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Electricity prices

24

Comments

  • Registered Users Posts: 4,127 ✭✭✭ alps


    MAULBROOK wrote: »
    Holy fxxk if anyone needs solar PV fitted its you.
    6k a year on power you would have pay back on a decent setup in less than 5 years or less.

    6K would be pretty standard for 100 cow herd..


  • Registered Users Posts: 26,690 ✭✭✭✭ whelan2


    blue5000 wrote: »
    What percentage are you able to use at night rate? I'm guessing the bulk tank is direct expansion? It's a fair whack of a bill alright. Would a gas heater in the dairy work out better I wonder?

    50 % night rate


  • Moderators, Society & Culture Moderators Posts: 2,229 Mod ✭✭✭✭ K.G.


    Got a whopper of a bill this week so as the morning was so s##t i pulled out the bill and started ringing.bord gais 15.6 day and night 7.75.12 month contract dd and paperless billing.thats well over a 100 e a month saved for us.plus vat at 13.5


  • Registered Users Posts: 26,690 ✭✭✭✭ whelan2


    Who were you with previously?


  • Moderators, Society & Culture Moderators Posts: 2,229 Mod ✭✭✭✭ K.G.


    whelan2 wrote: »
    Who were you with previously?

    Ifa (bord gas).ifa doesn't suit larger users.we use 38 000 units a year


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  • Registered Users Posts: 7,966 ✭✭✭ Mooooo


    Anyone using solar pv, any idea what the ROI would be on a dairy farm?


  • Registered Users Posts: 9,954 ✭✭✭ mahoney_j


    I have used utility solutions for over a year ,he dose all the work setting up account checking tariffs and getting a deal .I just submit a reading every month .I’ve tried bonkers etc and none come close to the unit price I’m paying .there’s a small yearly fee involved but we’ll worth it as I’ve saved a significant amount on what I would of been paying if I hadn’t got this guy involved .for reference on my house I’m paying 12.50 per unit snd on farm paying a day rate of 13.70 and night rate of 6.55.if anyone wants a contact number drop me a dm ,most here on Twitter will probably already know


  • Registered Users Posts: 26,690 ✭✭✭✭ whelan2


    mahoney_j wrote: »
    I have used utility solutions for over a year ,he dose all the work setting up account checking tariffs and getting a deal .I just submit a reading every month .I’ve tried bonkers etc and none come close to the unit price I’m paying .there’s a small yearly fee involved but we’ll worth it as I’ve saved a significant amount on what I would of been paying if I hadn’t got this guy involved .for reference on my house I’m paying 12.50 per unit snd on farm paying a day rate of 13.70 and night rate of 6.55.if anyone wants a contact number drop me a dm ,most here on Twitter will probably already know

    It's just the same as looking up bonkers.ie and no fee. I said that to him when he rang me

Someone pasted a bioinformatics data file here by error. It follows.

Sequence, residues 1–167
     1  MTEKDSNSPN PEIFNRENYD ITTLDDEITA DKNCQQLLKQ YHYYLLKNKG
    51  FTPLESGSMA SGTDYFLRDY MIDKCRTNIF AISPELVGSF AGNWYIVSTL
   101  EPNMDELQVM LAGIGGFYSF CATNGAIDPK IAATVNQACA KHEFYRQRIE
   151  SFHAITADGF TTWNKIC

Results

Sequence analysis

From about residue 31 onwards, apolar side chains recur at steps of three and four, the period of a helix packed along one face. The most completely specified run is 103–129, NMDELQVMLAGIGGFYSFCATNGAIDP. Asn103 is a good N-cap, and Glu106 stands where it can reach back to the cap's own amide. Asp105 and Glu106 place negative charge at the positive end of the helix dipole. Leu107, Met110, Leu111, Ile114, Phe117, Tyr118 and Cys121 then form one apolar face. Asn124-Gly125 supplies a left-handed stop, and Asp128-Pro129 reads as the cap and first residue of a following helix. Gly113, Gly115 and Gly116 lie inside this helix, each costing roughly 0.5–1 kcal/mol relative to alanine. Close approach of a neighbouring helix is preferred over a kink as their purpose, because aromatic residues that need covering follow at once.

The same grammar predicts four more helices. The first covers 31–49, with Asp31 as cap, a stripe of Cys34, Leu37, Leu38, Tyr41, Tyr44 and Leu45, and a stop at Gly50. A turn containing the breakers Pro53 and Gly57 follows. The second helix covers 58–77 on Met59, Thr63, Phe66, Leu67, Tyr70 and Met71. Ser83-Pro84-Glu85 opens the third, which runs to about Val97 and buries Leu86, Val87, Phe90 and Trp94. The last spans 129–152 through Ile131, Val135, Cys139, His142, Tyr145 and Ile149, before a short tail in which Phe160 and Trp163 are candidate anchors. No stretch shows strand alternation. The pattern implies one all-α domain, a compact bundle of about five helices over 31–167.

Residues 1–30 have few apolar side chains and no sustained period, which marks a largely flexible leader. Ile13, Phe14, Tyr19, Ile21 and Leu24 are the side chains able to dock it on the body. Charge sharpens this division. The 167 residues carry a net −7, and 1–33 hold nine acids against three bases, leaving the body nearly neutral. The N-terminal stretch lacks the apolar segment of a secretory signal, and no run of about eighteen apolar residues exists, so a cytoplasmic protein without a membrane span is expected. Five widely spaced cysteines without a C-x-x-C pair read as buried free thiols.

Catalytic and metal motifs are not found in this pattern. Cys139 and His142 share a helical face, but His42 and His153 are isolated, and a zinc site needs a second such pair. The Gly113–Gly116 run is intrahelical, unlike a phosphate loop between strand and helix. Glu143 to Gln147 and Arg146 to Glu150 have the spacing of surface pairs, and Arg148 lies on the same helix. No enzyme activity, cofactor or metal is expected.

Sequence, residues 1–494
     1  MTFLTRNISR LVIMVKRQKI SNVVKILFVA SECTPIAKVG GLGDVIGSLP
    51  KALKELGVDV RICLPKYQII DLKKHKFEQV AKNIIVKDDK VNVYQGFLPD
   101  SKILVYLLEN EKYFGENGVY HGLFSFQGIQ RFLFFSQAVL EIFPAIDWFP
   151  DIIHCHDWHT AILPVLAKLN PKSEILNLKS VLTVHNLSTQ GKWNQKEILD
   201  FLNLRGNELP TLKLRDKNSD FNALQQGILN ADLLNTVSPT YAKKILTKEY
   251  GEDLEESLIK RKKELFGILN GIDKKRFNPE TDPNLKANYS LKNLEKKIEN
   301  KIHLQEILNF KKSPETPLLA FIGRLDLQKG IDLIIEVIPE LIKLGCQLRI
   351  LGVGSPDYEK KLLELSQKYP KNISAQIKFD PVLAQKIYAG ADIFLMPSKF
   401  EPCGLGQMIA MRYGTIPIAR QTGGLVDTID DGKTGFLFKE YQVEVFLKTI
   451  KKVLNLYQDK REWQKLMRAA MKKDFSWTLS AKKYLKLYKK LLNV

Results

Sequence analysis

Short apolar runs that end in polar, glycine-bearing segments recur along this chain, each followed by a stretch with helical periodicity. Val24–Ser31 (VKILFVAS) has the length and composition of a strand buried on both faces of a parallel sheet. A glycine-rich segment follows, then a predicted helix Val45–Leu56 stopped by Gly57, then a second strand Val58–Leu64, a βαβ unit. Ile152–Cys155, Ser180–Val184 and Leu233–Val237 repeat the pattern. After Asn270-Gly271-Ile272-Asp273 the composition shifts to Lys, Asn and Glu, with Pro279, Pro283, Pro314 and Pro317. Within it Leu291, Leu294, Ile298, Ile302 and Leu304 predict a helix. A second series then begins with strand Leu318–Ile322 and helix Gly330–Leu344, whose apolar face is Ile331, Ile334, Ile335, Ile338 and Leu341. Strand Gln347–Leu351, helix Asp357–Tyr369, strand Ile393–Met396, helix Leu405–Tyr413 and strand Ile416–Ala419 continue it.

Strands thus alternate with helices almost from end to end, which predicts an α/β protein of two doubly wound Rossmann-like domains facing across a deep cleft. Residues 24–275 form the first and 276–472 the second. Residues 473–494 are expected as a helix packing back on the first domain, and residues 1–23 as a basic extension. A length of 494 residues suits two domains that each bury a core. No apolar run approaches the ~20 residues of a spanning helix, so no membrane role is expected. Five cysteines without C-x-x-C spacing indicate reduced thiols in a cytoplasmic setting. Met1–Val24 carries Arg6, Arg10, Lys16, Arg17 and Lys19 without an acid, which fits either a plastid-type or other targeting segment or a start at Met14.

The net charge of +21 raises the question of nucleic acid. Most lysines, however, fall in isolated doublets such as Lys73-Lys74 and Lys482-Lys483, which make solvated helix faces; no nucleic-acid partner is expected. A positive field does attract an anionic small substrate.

• Registered Users Posts: 26,690 ✭✭✭✭ whelan2


    K.G. wrote: »
    Ifa (bord gas).ifa doesn't suit larger users.we use 38 000 units a year

    It's a bit of a joke really, not really working for the farmer are they?


  • Registered Users Posts: 9,954 ✭✭✭ mahoney_j


    whelan2 wrote: »
    It's just the same as looking up bonkers.ie and no fee. I said that to him when he rang me

    I tried bonkers and he was a bit cheaper


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  • Registered Users Posts: 9,954 ✭✭✭ mahoney_j


    whelan2 wrote: »
    It's a bit of a joke really, not really working for the farmer are they?

    Tbh I think the ifa should have nothing to do with this and just represent all farmers ,take on the coops ,meat factories ,lobby govt etc


  • Registered Users Posts: 3,852 ✭✭✭ orm0nd


    mahoney_j wrote: »
    Tbh I think the ifa should have nothing to do with this and just represent all farmers ,take on the coops ,meat factories ,lobby govt etc

    I have changed broadband/landline/mobile providers a good few times over the years and the most clueless, ignorant & unqualified staff I have ever come across were the crowd at ifa telecom.


  • Registered Users Posts: 26,690 ✭✭✭✭ whelan2


    mahoney_j wrote: »
    Tbh I think the ifa should have nothing to do with this and just represent all farmers ,take on the coops ,meat factories ,lobby govt etc

    Wasn't that Pat smith's baby?


  • Registered Users Posts: 4,028 ✭✭✭ Marine Layer


    Anyone here a customer of Waterpower down in kanturk ?
    How do you find them?

    http://www.waterpower.ie/


  • Registered Users Posts: 10,886 ✭✭✭✭ KCross


    Mooooo wrote: »
    Anyone using solar pv, any idea what the ROI would be on a dairy farm?

    Its a little off-topic but its worth a reply.

    Any farmer, particularly dairy, who has some capital to spend now for a long term gain should take a serious look at Solar PV.

    Dairy farmers, in particular, because the sun is shining most at the time that dairy farms have the ability to utilise it (self-consumption is critically important for ROI), which is ~10:00-19:00 during the summer months..... what with plate coolers, bulk tanks, milking machine, compressors, hot water, water pumps etc. In addition farmers have loads of wide open roof space with no shading which is quite important to maximise the output. Ideally south facing.

    There are several threads in the Renewable forum that you should look at for costs and consider getting some installers out to quote you.
    https://www.boards.ie/vbulletin/showthread.php?p=117396876